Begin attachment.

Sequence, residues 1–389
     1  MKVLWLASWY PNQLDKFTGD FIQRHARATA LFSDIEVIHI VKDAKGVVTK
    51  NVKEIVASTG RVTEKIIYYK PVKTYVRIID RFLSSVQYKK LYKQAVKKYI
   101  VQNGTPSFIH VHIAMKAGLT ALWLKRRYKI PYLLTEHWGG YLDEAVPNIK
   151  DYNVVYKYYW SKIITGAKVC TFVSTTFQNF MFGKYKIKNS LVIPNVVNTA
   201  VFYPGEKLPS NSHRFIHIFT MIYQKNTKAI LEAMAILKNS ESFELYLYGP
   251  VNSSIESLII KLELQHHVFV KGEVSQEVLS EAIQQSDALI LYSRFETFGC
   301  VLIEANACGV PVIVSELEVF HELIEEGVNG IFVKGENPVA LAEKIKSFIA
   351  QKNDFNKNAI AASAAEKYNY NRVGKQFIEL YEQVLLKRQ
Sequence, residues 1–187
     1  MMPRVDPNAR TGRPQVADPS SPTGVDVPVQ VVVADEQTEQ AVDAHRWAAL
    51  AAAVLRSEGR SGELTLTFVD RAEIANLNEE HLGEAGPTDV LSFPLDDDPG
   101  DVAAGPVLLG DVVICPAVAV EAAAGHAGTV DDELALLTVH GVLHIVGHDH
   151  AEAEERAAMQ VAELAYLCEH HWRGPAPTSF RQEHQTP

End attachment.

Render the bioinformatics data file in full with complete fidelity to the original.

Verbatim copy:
Sequence, residues 1–389
     1  MKVLWLASWY PNQLDKFTGD FIQRHARATA LFSDIEVIHI VKDAKGVVTK
    51  NVKEIVASTG RVTEKIIYYK PVKTYVRIID RFLSSVQYKK LYKQAVKKYI
   101  VQNGTPSFIH VHIAMKAGLT ALWLKRRYKI PYLLTEHWGG YLDEAVPNIK
   151  DYNVVYKYYW SKIITGAKVC TFVSTTFQNF MFGKYKIKNS LVIPNVVNTA
   201  VFYPGEKLPS NSHRFIHIFT MIYQKNTKAI LEAMAILKNS ESFELYLYGP
   251  VNSSIESLII KLELQHHVFV KGEVSQEVLS EAIQQSDALI LYSRFETFGC
   301  VLIEANACGV PVIVSELEVF HELIEEGVNG IFVKGENPVA LAEKIKSFIA
   351  QKNDFNKNAI AASAAEKYNY NRVGKQFIEL YEQVLLKRQ
Sequence, residues 1–187
     1  MMPRVDPNAR TGRPQVADPS SPTGVDVPVQ VVVADEQTEQ AVDAHRWAAL
    51  AAAVLRSEGR SGELTLTFVD RAEIANLNEE HLGEAGPTDV LSFPLDDDPG
   101  DVAAGPVLLG DVVICPAVAV EAAAGHAGTV DDELALLTVH GVLHIVGHDH
   151  AEAEERAAMQ VAELAYLCEH HWRGPAPTSF RQEHQTP